Sedentary Lifestyle Increases Risk Of Deadly Pulmonary Embolism In Women

by Dr Sam Girgis on July 10, 2011

A sedentary lifestyle caused by physical inactivity can lead to numerous health problems.  Recently, there have been many reports giving evidence that a sedentary lifestyle can lead to weight gain, heart disease, diabetes, and even some forms of cancer.  The obesity epidemic that is occurring in children and adults in the United States and throughout the world is undoubtedly exacerbated by physical inactivity.  Watching television, use of computers, and use of advanced video game consoles have contributed to our increasingly sedentary lifestyle.  New research suggests that physical inactivity and a sedentary lifestyle can also contribute to deadly pulmonary embolism in women.  Pulmonary embolism results when a blood clot forms in the deep veins of the legs or other deep veins of the body and “embolizes” or travel to the lungs.  This can be a devastating medical problem if not treated appropriately and can even lead to the death of the effected individual.  Researchers from Massachusetts General Hospital, lead by Dr. Christopher Kabrhel, have recently provided evidence to implicate a sedentary lifestyle to the development of deadly pulmonary embolism in women.  Their research was recently published in the British Medical Journal.  The researchers used the Nurse’s Health Study, which included 69,950 female nurses, to determine the association between physical inactivity and the incidence of idiopathic pulmonary embolism.  The study was designed as a prospective cohort study and used questionnaires completed by the women between the years of 1990 and 2008.  The occurrence of idiopathic pulmonary embolism was identified as reports in the questionnaires and confirmed by analysis of medical records.  “Idiopathic” pulmonary embolism was defined as occurring without a precipitating factor such as long travel, recent surgery, trauma, active malignancy, or blood clotting disorder.  The researchers controlled for confounding factors such as age, body mass index, energy intake, smoking, race, spouse’s educational attainment, parity, menopause, non-aspirin non-steroidal anti-inflammatory drugs, warfarin, multivitamin supplements, hypertension, coronary heart disease, rheumatological disease, and dietary patterns.  The women were followed for an 18 year period, and during that time there were 268 cases of idiopathic pulmonary embolism.  The researchers found a strong association between amount of time sitting and the risk of idiopathic pulmonary embolism, with the risk increasing by twofold in women who spent the most amount of time being physically inactive.  The authors wrote, “It is biologically plausible that physical inactivity could increase the risk of pulmonary embolism. Muscular activity in the lower extremities is required to promote venous blood return.  Thus, lack of such activity could result in venous stasis and thrombosis…  Regardless of the pathophysiological mechanism, the public health implications of our findings are potentially profound. Americans lead an increasingly inactive lifestyle, and this could partly explain the high prevalence of pulmonary embolism.   Public health campaigns that discourage physical inactivity among the general population could reduce the incidence of pulmonary embolism”.  These results should encourage everyone to put the TV remote down, let go of the computer mouse, release the video game controller, and put on your sneakers or get on your bike and get moving!!!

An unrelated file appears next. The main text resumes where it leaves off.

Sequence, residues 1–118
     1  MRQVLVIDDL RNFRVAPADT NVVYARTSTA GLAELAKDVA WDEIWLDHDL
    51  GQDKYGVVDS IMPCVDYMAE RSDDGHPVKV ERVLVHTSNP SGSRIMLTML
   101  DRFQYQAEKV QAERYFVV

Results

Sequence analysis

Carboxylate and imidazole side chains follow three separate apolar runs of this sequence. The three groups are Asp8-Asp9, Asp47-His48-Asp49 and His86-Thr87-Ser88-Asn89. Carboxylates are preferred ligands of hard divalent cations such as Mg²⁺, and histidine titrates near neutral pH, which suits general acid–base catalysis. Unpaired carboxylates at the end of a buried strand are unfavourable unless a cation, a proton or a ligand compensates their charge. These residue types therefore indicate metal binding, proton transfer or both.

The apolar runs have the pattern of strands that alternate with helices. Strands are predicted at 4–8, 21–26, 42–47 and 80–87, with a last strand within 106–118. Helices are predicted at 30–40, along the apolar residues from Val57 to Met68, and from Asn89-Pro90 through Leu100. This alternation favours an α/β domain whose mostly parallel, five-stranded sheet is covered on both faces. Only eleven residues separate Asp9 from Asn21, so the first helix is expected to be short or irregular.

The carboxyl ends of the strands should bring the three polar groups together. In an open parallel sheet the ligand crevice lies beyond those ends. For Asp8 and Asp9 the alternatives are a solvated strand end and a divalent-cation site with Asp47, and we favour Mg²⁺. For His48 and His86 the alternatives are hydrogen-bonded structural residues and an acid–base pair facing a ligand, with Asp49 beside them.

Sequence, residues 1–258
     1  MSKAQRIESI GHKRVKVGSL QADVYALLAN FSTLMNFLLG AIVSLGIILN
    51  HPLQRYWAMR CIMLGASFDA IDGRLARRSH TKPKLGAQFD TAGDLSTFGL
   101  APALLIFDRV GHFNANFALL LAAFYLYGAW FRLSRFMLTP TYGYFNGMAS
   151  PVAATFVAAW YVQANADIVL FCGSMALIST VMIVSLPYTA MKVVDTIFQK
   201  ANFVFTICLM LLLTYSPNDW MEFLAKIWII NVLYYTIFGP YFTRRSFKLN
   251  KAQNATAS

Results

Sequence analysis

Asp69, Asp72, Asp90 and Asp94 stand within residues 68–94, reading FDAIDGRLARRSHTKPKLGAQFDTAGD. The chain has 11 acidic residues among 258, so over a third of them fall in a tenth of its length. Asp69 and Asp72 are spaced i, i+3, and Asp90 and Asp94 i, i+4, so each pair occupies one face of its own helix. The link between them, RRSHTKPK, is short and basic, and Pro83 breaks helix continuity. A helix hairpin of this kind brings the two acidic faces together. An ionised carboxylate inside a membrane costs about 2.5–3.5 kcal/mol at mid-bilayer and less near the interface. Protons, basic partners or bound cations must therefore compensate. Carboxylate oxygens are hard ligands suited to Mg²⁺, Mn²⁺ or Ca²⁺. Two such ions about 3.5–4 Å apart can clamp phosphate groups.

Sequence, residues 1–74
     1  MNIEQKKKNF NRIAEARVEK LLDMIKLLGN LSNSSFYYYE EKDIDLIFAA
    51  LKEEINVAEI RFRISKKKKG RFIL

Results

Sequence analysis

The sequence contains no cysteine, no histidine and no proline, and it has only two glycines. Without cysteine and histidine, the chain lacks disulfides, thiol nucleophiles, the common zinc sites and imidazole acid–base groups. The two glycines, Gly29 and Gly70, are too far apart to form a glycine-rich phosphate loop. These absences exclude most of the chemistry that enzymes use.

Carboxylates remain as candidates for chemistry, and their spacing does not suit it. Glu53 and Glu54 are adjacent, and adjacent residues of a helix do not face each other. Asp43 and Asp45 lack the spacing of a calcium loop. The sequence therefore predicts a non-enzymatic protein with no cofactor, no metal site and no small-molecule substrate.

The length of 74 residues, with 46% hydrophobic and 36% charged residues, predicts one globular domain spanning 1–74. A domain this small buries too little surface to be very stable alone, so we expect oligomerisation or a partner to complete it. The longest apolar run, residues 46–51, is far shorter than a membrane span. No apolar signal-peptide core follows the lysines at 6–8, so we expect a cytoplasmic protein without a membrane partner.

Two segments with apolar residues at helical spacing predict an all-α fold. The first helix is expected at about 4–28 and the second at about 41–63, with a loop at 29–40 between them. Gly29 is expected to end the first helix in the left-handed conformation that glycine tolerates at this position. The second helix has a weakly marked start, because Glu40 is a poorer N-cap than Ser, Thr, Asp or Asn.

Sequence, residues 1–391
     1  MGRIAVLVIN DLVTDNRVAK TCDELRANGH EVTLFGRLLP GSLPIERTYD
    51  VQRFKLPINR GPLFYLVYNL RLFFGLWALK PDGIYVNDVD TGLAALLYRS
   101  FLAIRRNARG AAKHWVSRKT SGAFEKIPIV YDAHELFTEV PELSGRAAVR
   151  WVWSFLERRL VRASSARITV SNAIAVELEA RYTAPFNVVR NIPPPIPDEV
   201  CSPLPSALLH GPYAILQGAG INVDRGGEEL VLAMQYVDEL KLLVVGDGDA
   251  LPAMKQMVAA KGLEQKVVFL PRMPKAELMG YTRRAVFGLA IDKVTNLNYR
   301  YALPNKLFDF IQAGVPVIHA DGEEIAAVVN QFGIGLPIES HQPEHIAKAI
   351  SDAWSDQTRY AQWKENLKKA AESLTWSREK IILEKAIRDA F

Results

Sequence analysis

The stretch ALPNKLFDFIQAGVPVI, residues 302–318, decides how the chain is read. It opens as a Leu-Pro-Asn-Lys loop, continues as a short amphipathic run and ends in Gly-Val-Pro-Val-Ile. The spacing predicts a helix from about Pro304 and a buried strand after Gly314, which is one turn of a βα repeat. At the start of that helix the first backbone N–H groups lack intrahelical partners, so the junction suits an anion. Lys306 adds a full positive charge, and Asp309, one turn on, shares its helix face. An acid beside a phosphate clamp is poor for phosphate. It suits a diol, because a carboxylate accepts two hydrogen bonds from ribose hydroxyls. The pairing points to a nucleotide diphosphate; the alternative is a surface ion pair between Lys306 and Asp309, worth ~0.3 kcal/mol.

Christopher Kabrhel et al. “Physical inactivity and idiopathic pulmonary embolism in women: prospective studyBMJ 2011; DOI: 10.1136/bmj.d3867.

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